There are a variety of skin conditions that might affect you throughout your life, and some of them can be very rare. One of the many rare skin conditions you might become inflicted with is dermatomyositis, and it will show very distinctive symptoms.
Dermatomyositis is a rare inflammatory disease of the skin which can occur at any age. Adults between age 40 and age 60 are the most likely group to get the skin condition as well as children between ages of 5 and 15. Dermatomyositis can occur in men or women but it does appear most often in women. The symptoms of dermatomyositis will occur over a period of time, which might be weeks or months. Some of the most common symptoms of dermatomyositis include a violet-colored rash and progressive muscle weakness. The violet-colored rash will most commonly affect your eyelids, face, nails, knuckles, knees, chest, back and elbows. The rash can appear sporadic in nature, often showing up as small patches throughout the body. Usually this is the first sign of dermatomyositis, but it can also be a symptom of other skin conditions. Progressive muscle weakness is also common and will occur in muscles closest to the trunk of your body such as your shoulders, arms, neck and thighs. The muscle weakness will affect both your left and right side and since it is progressive, it will worsen over time. You might also show other symptoms of the condition such as fatigue, fever, weight loss and muscle pain or tenderness. Someone with dermatomyositis might also have a difficult time swallowing, which can be painful. Lung problems, calcium deposits under the skin, intestinal perforations and gastrointestinal ulcers are also likely symptoms. The calcium deposits and gastrointestinal ulcers are most commonly seen in children, but an adult with dermatomyositis could be affected with them as well.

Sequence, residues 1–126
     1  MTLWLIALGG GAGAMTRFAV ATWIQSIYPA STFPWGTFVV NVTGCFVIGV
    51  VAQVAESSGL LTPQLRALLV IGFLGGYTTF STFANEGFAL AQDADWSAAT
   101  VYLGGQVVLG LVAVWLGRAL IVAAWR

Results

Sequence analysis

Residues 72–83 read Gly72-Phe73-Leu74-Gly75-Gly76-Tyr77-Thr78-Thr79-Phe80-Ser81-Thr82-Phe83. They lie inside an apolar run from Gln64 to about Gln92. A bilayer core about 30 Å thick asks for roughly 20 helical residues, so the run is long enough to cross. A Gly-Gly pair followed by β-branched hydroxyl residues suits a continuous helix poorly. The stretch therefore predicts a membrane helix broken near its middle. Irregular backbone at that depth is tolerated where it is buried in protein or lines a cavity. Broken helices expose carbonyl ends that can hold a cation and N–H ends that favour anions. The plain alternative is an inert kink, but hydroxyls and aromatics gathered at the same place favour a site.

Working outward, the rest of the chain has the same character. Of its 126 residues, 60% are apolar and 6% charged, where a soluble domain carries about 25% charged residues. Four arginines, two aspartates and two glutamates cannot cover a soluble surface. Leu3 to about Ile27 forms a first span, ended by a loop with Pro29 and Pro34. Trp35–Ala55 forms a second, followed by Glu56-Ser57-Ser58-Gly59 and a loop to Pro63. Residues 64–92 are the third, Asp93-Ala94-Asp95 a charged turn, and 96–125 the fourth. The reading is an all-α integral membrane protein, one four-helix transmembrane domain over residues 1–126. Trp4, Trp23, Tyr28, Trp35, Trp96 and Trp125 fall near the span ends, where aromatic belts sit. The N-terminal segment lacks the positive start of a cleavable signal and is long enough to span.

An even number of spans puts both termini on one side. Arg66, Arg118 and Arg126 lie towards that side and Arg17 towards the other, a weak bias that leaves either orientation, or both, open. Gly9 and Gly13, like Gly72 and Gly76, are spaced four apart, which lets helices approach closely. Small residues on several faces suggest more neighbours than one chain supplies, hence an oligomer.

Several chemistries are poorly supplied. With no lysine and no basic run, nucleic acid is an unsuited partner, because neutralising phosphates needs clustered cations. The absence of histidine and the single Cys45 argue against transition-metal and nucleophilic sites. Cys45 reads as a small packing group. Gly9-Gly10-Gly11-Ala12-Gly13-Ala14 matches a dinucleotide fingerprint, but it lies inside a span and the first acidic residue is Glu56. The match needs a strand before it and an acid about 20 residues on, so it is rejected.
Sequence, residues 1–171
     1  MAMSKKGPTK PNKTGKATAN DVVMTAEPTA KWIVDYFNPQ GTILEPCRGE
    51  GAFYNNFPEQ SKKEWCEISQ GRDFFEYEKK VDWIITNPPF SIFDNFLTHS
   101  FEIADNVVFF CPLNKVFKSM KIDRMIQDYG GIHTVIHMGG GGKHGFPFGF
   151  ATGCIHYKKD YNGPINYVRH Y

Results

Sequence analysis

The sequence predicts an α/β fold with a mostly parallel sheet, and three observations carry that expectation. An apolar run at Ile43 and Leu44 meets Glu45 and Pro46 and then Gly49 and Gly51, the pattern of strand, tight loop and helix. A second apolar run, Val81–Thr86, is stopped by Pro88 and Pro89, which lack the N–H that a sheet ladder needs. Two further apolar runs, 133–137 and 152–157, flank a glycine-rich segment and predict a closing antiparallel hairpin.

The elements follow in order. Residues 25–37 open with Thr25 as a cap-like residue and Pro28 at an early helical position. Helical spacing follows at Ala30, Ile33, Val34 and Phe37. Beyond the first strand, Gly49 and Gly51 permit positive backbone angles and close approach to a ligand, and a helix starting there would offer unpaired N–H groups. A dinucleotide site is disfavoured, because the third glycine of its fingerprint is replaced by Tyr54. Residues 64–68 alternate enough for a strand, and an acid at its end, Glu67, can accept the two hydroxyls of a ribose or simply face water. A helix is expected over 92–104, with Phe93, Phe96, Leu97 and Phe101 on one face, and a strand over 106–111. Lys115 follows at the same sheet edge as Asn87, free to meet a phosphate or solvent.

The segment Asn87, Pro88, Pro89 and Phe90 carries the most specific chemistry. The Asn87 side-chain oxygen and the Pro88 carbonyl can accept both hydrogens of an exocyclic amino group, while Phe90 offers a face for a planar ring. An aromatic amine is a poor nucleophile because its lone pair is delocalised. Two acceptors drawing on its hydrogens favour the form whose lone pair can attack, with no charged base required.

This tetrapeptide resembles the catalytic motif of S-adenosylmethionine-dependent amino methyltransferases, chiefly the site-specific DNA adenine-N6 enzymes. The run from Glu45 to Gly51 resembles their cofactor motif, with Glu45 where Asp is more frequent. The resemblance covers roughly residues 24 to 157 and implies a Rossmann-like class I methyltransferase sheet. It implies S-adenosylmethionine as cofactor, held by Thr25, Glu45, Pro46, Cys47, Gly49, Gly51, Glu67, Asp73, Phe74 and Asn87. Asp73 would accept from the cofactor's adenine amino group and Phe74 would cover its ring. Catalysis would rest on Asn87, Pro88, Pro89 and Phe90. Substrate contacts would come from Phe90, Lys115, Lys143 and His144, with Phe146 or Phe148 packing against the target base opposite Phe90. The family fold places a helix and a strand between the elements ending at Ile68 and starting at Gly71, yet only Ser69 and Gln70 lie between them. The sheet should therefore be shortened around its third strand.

Dermatomyositis is classified with other diseases of the muscles called inflammatory myopathies. Most of the time diseases within this category have unknown causes and dermatomyositis is one of these conditions. Usually conditions like these are infections caused by parasites, viruses or bacteria, but it might be hard to determine in someone with dermatomyositis. Some doctors believe that there is a predisposition which might cause dermatomyositis to occur, such as a genetic susceptibility. Autoimmune disorders and inflammatory myopathies often have a lot of the same characteristics, such as the immune system attacking normal cells. Someone who has dermatomyositis might have an unknown trigger in their immune system which is causing their body to attack healthy tissues.